• abbyll December 25, 2009 01:39 am

    # 16 why that?

    I don´t get it...

  • Mei Teng October 26, 2009 03:53 pm

    "Convince with images, not with swollen-headed words."

    I like this the most! Great list :)

  • James York August 6, 2008 11:27 am

    Well, here is another BIG tip concerning digital cameras. Because digital is NOT film, it is not concerned in any way with sunlight or flash or incandescent lights. In fact, shooting with incandescent lights works really, really well.

    This is super good news for shooting things like: inside rooms for, say, a Bed & Breakfast. You can take ZERO lights with you and just use the lights in the room. They will NOT wash out the shot which they would do using film. In fact, the incandescent lights work FAR, FAR better than any flash would. The room looks normal, just like what you were looking at yourself with your eyes, and colors are rich and pleasant.

    Now, this is true for all indoors shooting. No flash. Just use incandescent lights. Here is the hidden secret about this: this means that you can light a scene to suit your eye and what you shoot will look just like that. With indoor flash you have to shoot polaroids, check them out, and then try a flash/film shot and do it lots of times. And, you really never know if it worked until you process the film. Too late if you are being paid for this and have to go back and do it again.

    Something else that is really, really nice too: ever try shooting metal products? You cannot light them EVER properly using flash/film. But, you can with incandescent lights because what you see is what you get in digital-world. When the flash goes off, all metal shine disappears, reflections on the metal (which is what makes it look like metal) disappear, and the metal looks like a lump. But not with digital and incandescent lighting. You get what you are looking at... that is very nice.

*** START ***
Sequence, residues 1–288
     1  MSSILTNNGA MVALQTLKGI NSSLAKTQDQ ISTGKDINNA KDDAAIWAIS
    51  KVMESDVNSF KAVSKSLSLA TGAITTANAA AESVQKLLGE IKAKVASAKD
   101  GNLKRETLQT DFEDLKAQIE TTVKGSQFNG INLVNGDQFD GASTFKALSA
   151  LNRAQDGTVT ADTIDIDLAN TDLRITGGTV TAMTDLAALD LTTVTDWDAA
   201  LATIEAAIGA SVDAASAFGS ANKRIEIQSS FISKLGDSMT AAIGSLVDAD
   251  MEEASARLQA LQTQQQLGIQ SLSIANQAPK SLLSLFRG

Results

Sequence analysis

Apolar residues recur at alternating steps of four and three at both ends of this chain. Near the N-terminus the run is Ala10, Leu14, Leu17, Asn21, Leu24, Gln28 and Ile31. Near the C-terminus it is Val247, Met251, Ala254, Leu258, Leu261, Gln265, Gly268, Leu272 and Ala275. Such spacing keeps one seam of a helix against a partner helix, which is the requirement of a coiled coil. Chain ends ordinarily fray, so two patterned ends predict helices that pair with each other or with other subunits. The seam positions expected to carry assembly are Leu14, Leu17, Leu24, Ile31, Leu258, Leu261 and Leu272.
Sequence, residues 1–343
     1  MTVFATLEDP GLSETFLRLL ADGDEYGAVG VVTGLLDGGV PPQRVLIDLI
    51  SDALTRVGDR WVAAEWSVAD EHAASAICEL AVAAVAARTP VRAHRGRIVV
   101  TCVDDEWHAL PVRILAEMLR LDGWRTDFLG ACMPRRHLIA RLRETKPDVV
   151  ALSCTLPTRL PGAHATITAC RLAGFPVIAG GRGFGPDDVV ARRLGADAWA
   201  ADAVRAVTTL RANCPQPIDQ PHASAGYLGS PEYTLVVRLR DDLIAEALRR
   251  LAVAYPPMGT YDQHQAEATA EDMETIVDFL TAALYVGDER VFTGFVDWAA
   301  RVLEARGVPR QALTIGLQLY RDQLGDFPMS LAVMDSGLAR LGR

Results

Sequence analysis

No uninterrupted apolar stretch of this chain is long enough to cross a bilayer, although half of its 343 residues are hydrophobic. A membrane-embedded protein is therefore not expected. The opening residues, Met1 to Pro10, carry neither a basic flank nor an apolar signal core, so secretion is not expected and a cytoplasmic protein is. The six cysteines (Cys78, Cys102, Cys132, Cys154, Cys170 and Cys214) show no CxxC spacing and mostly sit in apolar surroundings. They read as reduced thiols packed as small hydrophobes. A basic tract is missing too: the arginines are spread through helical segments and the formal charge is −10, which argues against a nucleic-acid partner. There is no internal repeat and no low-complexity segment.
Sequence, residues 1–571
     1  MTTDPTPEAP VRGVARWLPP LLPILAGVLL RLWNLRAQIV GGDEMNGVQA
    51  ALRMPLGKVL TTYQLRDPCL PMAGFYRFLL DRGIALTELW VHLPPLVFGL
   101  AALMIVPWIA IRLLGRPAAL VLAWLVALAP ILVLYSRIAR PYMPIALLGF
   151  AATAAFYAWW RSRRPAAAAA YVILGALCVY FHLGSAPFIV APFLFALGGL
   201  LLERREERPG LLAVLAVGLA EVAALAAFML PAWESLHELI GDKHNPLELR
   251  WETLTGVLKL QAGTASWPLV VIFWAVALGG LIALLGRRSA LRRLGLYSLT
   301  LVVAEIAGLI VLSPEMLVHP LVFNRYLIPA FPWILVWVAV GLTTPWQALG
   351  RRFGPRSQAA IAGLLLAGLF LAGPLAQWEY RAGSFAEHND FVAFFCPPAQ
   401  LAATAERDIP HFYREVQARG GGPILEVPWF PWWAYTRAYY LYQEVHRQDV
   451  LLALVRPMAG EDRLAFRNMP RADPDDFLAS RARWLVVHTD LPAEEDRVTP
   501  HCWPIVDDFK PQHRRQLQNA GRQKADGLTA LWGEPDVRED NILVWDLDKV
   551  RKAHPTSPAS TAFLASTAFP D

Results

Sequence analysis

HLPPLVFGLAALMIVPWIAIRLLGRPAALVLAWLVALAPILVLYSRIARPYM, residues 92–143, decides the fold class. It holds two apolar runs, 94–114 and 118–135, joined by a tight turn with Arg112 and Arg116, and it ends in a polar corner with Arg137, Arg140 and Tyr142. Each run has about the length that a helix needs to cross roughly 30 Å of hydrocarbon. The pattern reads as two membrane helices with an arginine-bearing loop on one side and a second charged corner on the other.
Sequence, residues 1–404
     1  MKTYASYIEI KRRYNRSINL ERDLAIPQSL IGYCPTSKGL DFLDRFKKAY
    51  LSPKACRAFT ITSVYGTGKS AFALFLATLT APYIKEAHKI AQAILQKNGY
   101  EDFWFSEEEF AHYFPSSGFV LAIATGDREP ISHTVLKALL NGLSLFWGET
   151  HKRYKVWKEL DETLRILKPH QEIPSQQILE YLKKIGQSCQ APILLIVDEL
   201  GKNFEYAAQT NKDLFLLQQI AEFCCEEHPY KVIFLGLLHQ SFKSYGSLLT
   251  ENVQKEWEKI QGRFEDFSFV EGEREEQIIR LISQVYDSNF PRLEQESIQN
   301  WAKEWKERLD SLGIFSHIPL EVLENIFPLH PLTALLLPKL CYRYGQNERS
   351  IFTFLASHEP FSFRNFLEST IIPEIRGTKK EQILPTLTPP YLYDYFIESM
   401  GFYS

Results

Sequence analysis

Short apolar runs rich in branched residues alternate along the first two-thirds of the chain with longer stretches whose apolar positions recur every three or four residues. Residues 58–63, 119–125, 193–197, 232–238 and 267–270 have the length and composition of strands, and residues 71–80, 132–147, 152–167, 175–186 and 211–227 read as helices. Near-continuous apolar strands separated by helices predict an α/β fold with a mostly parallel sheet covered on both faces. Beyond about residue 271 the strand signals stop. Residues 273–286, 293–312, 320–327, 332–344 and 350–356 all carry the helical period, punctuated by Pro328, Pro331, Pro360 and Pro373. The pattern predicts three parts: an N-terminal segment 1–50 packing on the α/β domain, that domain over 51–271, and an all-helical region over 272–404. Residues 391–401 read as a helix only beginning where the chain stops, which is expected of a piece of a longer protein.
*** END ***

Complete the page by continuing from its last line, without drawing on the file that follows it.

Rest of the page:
Ever try getting metal to shine? To look like brass, or bronze, or stainless steel using flash/film? Forget it. But, with digital it is a piece of cake using incandescent lights.

    I could tell you more if you ask.

  • Kathy July 26, 2008 12:52 am

    Look at things from someone elses view before you shoot.

    My 12 year old neighbor girl has been going with me on walks she wants to learn photography. While I'm still a newbie I did give her my old digital camera to use. She is a natural. Now I look at things from her level sometimes it tells a whole different story.

  • KsK July 15, 2008 08:23 am

    A really wonderful post, but I'm not sure I did understand the "11. Forget your LCD… just forget it. The image will always be more brilliant and sharper that the original really is." Could someone please explain this more widely for a dunce, thanks